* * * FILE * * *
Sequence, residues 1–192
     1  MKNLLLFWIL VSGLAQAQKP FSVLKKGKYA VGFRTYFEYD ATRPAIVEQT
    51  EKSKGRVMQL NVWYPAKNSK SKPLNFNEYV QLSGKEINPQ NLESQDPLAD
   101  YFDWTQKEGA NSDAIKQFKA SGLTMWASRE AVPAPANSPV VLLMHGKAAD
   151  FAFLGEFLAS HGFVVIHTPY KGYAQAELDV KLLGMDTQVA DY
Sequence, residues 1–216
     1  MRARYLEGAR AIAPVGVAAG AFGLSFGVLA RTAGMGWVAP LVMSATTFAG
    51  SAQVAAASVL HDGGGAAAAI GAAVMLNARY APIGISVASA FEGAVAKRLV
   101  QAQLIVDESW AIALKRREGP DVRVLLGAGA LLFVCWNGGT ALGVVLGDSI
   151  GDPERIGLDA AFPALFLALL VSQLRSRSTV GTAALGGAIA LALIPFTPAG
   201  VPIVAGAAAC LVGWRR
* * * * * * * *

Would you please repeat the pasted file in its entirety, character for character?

Sequence, residues 1–192
     1  MKNLLLFWIL VSGLAQAQKP FSVLKKGKYA VGFRTYFEYD ATRPAIVEQT
    51  EKSKGRVMQL NVWYPAKNSK SKPLNFNEYV QLSGKEINPQ NLESQDPLAD
   101  YFDWTQKEGA NSDAIKQFKA SGLTMWASRE AVPAPANSPV VLLMHGKAAD
   151  FAFLGEFLAS HGFVVIHTPY KGYAQAELDV KLLGMDTQVA DY
Sequence, residues 1–216
     1  MRARYLEGAR AIAPVGVAAG AFGLSFGVLA RTAGMGWVAP LVMSATTFAG
    51  SAQVAAASVL HDGGGAAAAI GAAVMLNARY APIGISVASA FEGAVAKRLV
   101  QAQLIVDESW AIALKRREGP DVRVLLGAGA LLFVCWNGGT ALGVVLGDSI
   151  GDPERIGLDA AFPALFLALL VSQLRSRSTV GTAALGGAIA LALIPFTPAG
   201  VPIVAGAAAC LVGWRR